US History (General)

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What is a similarity between today and the 1960s?

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Many similarities exist between the 1960s and now, but one of the most prominent ones is the reactionary nature of the eras. Weary of the civil rights movement, Equal Rights Amendment, and hippies, Americans reacted to the free-spirited 1960s by electing a "law and order" man, Richard Nixon, to the presidency. Similarly, Donald Trump took advantage of an angry base and became the next president after the first black president left office.

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There are many similarities between the 1960s and the present day. Perhaps a good way to look at these commonalities is to look at the aftermath of that turbulent decade, which partly explains how we arrived here today.

After the turmoil and radicalism of the 1960s, including the race riots in Watts, women pushing for an equal rights amendment, and hippies running amok in the streets, Americans were looking for stability in the 1968 election. When the Democrats imploded at their 1968 convention, the road was clear for Richard Nixon to win the White House. The “law and order” candidate had become president, and while the spirit of the 1960s lived on somewhat, a backlash had begun—not only against the civil rights movement but also against women, hippies, and other groups that had, in the eyes of Nixon supporters, undermined America’s greatness.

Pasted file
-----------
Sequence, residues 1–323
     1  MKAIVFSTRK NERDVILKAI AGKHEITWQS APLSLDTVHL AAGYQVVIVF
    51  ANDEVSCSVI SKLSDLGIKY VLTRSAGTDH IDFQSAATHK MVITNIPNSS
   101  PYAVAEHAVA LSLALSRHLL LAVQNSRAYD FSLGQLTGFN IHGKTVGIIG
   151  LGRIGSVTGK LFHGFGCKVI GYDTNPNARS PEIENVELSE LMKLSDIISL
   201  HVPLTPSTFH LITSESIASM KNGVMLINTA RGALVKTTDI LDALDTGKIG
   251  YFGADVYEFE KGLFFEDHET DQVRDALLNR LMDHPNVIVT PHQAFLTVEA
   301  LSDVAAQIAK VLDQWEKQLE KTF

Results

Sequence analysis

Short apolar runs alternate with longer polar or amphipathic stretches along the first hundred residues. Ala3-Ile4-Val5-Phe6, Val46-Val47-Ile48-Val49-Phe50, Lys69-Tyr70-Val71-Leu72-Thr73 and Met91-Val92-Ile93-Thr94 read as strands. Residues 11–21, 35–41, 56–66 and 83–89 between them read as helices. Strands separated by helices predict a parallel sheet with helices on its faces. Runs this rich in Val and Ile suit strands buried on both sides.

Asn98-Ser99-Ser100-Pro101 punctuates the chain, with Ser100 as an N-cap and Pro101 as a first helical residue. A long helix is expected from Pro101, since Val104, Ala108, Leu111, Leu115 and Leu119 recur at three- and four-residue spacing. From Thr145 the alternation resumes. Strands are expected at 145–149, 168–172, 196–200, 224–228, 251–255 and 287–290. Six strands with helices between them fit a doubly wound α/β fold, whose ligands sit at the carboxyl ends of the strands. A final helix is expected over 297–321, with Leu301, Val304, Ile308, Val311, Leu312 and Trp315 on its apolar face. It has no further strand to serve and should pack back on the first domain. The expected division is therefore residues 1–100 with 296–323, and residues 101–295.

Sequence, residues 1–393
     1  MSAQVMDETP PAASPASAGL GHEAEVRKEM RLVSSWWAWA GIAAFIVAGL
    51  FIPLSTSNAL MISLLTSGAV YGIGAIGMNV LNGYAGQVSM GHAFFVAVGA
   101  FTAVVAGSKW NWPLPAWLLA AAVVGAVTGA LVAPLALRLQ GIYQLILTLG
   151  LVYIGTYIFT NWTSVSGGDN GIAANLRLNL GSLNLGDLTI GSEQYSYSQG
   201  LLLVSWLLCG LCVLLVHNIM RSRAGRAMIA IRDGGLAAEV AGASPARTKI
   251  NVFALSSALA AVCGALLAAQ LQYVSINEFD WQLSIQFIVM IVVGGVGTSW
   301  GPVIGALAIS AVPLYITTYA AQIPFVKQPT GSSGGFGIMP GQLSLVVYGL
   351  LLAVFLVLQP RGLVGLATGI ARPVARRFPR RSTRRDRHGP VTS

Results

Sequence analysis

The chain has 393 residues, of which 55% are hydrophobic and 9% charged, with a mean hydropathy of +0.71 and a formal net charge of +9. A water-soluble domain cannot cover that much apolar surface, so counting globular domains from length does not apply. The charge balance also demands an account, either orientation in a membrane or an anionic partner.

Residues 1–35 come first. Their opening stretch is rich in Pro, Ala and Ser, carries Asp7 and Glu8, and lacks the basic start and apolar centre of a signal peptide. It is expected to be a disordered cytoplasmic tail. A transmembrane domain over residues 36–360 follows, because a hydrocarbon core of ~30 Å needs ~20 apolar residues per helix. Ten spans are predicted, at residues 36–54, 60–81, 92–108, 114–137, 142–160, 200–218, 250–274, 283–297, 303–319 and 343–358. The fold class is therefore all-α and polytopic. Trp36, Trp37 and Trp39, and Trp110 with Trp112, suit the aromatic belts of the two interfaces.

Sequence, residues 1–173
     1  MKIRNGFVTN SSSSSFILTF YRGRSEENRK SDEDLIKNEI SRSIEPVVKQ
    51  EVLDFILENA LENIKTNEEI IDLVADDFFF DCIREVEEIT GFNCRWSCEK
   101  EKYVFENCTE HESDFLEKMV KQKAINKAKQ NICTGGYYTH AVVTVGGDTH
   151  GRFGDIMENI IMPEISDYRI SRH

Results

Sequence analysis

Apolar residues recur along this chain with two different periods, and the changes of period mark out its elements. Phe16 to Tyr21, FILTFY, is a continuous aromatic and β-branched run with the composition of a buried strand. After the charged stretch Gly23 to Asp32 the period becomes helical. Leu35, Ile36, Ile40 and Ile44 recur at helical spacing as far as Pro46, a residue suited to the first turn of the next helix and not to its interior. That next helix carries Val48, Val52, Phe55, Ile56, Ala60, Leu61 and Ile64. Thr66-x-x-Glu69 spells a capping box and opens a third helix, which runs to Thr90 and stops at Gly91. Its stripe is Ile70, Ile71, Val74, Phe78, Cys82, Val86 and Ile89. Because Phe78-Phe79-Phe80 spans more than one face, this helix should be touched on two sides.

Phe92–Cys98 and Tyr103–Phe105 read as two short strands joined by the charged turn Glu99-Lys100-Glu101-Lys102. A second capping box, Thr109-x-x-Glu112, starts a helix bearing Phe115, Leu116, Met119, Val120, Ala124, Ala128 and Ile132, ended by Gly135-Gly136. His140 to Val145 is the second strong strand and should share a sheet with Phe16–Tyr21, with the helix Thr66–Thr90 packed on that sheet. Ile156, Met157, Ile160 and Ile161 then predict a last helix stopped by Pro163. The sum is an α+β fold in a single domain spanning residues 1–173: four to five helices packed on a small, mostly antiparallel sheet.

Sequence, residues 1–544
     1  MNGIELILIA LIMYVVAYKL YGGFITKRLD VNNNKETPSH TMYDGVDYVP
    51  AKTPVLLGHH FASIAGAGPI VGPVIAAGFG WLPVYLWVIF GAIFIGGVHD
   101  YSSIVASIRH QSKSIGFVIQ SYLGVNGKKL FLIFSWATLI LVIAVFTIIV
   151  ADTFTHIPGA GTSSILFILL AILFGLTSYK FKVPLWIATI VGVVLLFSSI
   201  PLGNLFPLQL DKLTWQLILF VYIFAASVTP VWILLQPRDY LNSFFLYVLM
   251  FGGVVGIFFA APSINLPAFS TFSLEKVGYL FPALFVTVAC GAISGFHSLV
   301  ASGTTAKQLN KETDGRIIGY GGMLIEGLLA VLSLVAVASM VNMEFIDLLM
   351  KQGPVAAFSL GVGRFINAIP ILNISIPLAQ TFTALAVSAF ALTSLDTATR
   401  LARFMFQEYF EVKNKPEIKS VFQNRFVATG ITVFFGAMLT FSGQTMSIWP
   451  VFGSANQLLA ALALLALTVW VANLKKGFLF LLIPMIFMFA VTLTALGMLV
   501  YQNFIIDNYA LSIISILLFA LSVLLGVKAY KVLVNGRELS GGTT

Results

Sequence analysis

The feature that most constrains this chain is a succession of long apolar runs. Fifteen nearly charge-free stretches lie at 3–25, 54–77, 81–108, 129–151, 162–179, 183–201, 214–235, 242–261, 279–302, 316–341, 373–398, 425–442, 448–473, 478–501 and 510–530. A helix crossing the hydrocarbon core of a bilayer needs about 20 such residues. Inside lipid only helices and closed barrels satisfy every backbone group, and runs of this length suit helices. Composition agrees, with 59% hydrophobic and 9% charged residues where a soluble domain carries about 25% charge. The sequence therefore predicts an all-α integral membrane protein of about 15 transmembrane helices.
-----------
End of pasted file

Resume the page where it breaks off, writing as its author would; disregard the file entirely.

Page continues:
The civil rights gained in the decade, however, would not be lost. Martin Luther King Jr.’s claim that the arc of history “bends toward justice” became reality in 2008 when Barack Obama became the first black man to be elected president. But the backlash began swiftly afterward, as an angry and energized right wing prevented him from enacting several platforms the Democratic Party was keen to make law, most notably healthcare reform.

The reaction to the first black man elected president led, indirectly, to a populist like Donald J. Trump rising to power. Similar to Nixon winning the office by tapping into ordinary Americans yearning for hippies, women, and black people to retreat to the sidelines, Trump rode the frustrations of disenfranchised working-class white men all the way to the White House.

Trump never explicitly said that Obama made America less great because he was a black man, but he had always projected him as an outsider—even, for example, promoting the birther conspiracy, that Obama was not an American citizen but a Kenyan one. Trump campaigned as a unifier, as someone who would make America great again. Nixon, too, offered hope to a divided America—an America divided not only by social strife but also by the ongoing trauma of the war in Vietnam.

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The 1960s was a time in which people began investigating and protesting the status quo with regard to the relationships governed by race and gender in our country. There were protests and calls for legislative and societal change to give African Americans and women more rights and greater equality. Many would argue that these calls for change are still going on today. For example, the Civil Rights movement of the 1960s continues in the form of the Black Lives Matter movement that protests police brutality against African Americans. The women's rights movement of the 1960s continues in the Me Too movement, in which women have stepped forward to speak about their experiences of sexual abuse. The revolutions of the 1960s continue in the call for equality for African Americans and women today.